Also, interested in taking some training classes in MA, however, the provision below does not appear to apply to training classes, even if those classes are offered by very recognized centers like the one at Smith and Wesson. Any insight would be appreciated. I am legal in CT and NH and live in CT.

    Thanks.


    Section 131G. Any person who is not a resident of the commonwealth may carry a pistol or revolver in or through the commonwealth for the purpose of taking part in a pistol or revolver competition or attending any meeting or exhibition of any organized group of firearm collectors or for the purpose of hunting; provided, that such person is a resident of the United States and has a permit or license to carry firearms issued under the laws of any state, district or territory thereof which has licensing requirements which prohibit the issuance of permits or licenses to persons who have been convicted of a felony or who have been convicted of the unlawful use, possession or sale of narcotic or harmful drugs; provided, further, that in the case of a person traveling in or through the commonwealth for the purpose of hunting, he has on his person a hunting or sporting license issued by the commonwealth or by the state of his destination. Police officers and other peace officers of any state, territory or jurisdiction within the United States duly authorized to possess firearms by the laws thereof shall, for the purposes of this section, be deemed to have a permit or license to carry firearms as described in this section.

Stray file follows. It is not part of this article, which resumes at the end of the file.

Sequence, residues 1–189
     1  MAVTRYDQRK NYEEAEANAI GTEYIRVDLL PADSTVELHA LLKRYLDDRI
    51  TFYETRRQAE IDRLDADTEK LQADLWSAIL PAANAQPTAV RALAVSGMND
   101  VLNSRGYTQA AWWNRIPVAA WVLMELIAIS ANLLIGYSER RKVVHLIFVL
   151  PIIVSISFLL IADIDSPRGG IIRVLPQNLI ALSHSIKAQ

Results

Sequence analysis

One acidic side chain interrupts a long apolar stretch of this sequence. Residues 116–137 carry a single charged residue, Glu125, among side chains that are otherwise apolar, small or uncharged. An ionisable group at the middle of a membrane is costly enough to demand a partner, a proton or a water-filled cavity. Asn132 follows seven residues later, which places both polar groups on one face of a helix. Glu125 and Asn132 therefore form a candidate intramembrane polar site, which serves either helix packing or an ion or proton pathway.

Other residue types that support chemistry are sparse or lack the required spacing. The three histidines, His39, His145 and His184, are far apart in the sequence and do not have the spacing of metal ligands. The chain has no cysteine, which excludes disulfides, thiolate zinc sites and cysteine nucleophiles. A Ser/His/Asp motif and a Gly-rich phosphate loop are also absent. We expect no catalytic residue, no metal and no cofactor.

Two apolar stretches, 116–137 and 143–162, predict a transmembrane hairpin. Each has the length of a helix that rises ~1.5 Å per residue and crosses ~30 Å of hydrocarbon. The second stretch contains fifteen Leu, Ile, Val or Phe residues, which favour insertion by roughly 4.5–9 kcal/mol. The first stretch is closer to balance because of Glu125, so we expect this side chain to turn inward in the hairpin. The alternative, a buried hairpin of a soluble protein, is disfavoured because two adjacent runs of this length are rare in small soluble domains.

6. Quote Originally Posted by gradywhite2000 View Post
    I understand there is the federal law mentioned above regarding transporting handguns from legal location to legal location. However, the NRA-ILA website says, "Travelers should be aware that New Jersey, New York and Massachusetts do not follow the regulations established for interstate transport." Has MA or NY ever accepted the federal regulations? What sort of trouble can you get into in these states?

    Also, interested in taking some training classes in MA, however, the provision below does not appear to apply to training classes, even if those classes are offered by very recognized centers like the one at Smith and Wesson. Any insight would be appreciated. I am legal in CT and NH and live in CT.